As gullible investors, drawn in while the markets topped and sagged, contemplate their shrunken retirement savings, they may well turn into a dangerous political force.  America may be headed for another crisis of confidence in the private sector, as happened in the 30’s: It is a wonder that enterprising attorneys have not yet launched class-action suits on behalf of individual investors against the major brokerage houses.  The Merrill Lynch suit brought by the state of New York for conflicts of interest in analyst recommendations ought to be the tip of the iceberg—and the settlements should reflect the hundreds of billions of dollars that have been swindled.

Where have the regulators been while all this was taking place?  The SEC is supposed to ensure that financial reports are representative and that security issuance and trading are subject to full disclosure.  Also, insider trading is supposed to be promptly reported, and markets are not supposed to be subject to manipulation.  Yet, typical of government agencies, the SEC has provided the appearance rather than the substance of oversight.  Clearly, any faith in government regulation is misplaced, and investors must turn to the law for what meager satisfaction it may provide.

Wall Street’s lions have been gorging themselves.  The deterioration of standards on Wall Street has led directly to the creation of Enron, WorldCom, and “dot-com” excesses that have seriously harmed the economy and diminished the savings they have solicited from average Americans.

The investment bankers and their collaborators are not the only ones who created the bogus values on Wall Street.  Corporations, from penny-stock startups to Fortune 500 blue-bloods, have issued an avalanche of phony income statements, overstated assets, understated liabilities, and unreal forecasts of performance.  Their CEOs and CFOs, and their auditors and attorneys, know what they are doing.  It is an appalling indictment of contemporary morality that their check-and-balance functions do not function, despite the fact that it would require only one of the four to expose corporate fraud and deceit.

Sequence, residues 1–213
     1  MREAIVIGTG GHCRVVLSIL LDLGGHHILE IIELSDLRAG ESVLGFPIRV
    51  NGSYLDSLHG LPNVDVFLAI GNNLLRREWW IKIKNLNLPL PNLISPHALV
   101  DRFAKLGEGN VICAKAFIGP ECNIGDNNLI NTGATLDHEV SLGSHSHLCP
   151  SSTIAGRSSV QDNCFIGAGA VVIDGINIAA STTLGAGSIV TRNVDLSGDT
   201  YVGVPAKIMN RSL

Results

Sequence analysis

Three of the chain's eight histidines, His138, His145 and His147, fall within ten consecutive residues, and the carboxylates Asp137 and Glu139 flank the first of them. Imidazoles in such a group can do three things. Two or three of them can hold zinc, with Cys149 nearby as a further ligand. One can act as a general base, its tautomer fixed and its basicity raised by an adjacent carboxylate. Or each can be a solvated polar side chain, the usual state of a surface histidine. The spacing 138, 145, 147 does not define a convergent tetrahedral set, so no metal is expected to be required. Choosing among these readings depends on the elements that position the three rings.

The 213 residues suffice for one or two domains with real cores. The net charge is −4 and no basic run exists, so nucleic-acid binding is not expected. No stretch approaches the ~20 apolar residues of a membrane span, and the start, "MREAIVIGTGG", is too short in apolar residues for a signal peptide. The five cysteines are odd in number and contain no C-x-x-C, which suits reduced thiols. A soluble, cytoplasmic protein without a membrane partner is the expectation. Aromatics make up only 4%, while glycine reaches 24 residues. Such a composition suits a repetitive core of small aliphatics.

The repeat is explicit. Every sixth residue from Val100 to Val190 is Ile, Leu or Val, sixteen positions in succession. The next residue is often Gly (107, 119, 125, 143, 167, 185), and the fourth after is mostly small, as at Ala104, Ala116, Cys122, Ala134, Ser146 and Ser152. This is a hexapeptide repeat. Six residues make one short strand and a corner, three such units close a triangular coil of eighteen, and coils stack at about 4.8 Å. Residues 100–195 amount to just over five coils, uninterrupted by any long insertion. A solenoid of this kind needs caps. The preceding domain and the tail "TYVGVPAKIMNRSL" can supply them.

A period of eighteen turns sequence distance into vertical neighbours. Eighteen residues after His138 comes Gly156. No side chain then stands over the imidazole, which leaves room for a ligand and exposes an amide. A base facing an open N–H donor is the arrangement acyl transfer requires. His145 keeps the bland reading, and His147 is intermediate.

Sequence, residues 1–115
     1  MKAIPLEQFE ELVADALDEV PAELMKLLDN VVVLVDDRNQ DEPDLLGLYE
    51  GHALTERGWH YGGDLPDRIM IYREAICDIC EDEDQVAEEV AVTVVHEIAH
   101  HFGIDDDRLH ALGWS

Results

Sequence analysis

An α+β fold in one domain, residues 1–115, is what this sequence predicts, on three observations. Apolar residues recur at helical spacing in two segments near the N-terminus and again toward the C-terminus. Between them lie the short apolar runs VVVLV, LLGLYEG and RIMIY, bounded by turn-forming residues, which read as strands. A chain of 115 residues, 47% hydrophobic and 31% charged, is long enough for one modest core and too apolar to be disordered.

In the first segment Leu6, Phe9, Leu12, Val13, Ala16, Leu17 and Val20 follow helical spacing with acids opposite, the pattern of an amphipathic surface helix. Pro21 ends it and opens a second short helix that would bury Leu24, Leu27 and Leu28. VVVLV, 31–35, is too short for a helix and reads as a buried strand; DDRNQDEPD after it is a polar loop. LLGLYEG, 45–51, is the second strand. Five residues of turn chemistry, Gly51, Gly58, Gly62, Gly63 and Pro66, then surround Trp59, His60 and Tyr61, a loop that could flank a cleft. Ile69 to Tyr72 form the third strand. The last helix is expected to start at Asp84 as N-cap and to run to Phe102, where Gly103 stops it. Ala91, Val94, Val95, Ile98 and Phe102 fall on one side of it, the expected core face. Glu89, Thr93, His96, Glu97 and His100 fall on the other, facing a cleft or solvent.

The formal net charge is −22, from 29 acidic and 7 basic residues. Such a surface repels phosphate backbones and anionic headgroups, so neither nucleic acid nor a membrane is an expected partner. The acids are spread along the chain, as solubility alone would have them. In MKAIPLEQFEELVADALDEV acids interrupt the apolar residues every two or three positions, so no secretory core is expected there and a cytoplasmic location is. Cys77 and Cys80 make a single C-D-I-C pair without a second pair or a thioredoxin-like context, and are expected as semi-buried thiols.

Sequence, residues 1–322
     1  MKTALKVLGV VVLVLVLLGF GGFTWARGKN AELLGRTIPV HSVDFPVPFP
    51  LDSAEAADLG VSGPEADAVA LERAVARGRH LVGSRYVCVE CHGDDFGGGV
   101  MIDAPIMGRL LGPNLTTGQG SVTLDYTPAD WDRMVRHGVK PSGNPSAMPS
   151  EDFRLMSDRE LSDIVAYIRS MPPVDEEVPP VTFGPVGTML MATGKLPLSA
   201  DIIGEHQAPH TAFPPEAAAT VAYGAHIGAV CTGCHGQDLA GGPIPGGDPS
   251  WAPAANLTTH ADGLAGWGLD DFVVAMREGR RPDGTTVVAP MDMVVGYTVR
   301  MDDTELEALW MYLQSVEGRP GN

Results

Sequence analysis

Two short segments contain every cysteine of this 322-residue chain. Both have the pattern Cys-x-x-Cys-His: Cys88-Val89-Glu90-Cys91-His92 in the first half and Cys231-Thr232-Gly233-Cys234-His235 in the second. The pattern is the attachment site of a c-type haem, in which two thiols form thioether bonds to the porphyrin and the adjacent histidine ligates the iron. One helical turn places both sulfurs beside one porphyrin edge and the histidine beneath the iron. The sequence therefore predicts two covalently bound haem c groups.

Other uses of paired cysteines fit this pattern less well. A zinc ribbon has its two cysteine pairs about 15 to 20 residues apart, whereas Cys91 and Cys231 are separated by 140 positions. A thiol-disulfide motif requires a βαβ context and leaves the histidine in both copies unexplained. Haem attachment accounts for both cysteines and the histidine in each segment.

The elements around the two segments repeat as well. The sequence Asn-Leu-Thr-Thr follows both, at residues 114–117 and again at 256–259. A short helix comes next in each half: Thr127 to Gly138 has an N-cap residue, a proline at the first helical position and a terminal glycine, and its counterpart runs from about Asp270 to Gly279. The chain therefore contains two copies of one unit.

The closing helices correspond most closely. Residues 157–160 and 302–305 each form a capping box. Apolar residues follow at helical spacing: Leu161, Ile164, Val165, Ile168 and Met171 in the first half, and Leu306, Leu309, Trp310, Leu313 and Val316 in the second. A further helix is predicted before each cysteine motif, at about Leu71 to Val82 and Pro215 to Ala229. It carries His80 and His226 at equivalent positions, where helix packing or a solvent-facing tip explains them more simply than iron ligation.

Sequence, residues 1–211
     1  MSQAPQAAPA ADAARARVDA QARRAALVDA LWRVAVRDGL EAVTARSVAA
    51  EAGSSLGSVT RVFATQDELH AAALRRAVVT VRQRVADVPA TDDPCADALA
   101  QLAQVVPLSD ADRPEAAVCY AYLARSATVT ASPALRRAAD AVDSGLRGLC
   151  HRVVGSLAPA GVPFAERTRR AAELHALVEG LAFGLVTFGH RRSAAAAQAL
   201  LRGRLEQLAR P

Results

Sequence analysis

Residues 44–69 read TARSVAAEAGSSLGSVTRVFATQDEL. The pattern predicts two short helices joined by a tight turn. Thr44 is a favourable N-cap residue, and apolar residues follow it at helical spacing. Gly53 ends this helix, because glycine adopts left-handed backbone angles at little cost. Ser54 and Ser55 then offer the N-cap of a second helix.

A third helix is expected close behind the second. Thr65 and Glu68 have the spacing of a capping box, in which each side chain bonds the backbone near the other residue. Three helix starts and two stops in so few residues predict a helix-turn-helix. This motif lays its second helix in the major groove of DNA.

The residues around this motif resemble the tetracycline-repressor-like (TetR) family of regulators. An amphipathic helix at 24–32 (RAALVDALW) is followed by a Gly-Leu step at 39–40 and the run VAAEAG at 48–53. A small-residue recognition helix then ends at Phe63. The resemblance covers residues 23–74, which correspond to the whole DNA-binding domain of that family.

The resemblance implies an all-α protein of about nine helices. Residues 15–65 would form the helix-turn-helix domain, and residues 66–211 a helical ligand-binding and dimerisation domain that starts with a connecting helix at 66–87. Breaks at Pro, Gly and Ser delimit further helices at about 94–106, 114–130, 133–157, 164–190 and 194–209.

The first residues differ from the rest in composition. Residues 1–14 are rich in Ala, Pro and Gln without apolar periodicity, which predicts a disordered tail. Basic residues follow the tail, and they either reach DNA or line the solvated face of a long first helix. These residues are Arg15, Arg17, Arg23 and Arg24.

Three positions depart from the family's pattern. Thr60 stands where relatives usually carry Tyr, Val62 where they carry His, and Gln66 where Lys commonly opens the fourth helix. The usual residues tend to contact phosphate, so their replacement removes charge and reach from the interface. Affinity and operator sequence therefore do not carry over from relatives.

The relentless demand for impossible standards of profitability and absurd predictions originates with the corporate overlords of Wall Street.  Their lust for commissions and huge gains on their underwriting, supported by their corporate subjects’ desire for appreciating stock options, is behind the Gross National Greed that drives the excesses of U.S. equity and capital markets.

If the free-enterprise system is to survive, this level of greed cannot be tolerated.  In the best interests of the public, the laws of legitimate disclosure and stewardship must be tirelessly imposed and enforced on Wall Street and the corporations whose securities it trades.  Given the scale of the rewards earned in capital markets, it is not unreasonable to expect that a comparable scale of punishment be inflicted on those who do not play by the rules.

The investment process is critical to the health of the economy; it is the engine of rising employment and living standards.  Sound, long-term investments, not short-term speculations and misrepresented values, are needed to serve this vital role.

The Gross National Greed of investment banking must be subject to ethical and legal standards and to the creation of real value in the long-term interests of the general public.  Otherwise, everyone will pay the price in yet another wave of regulation, confiscation, and perversion of the efficiency of genuinely free markets.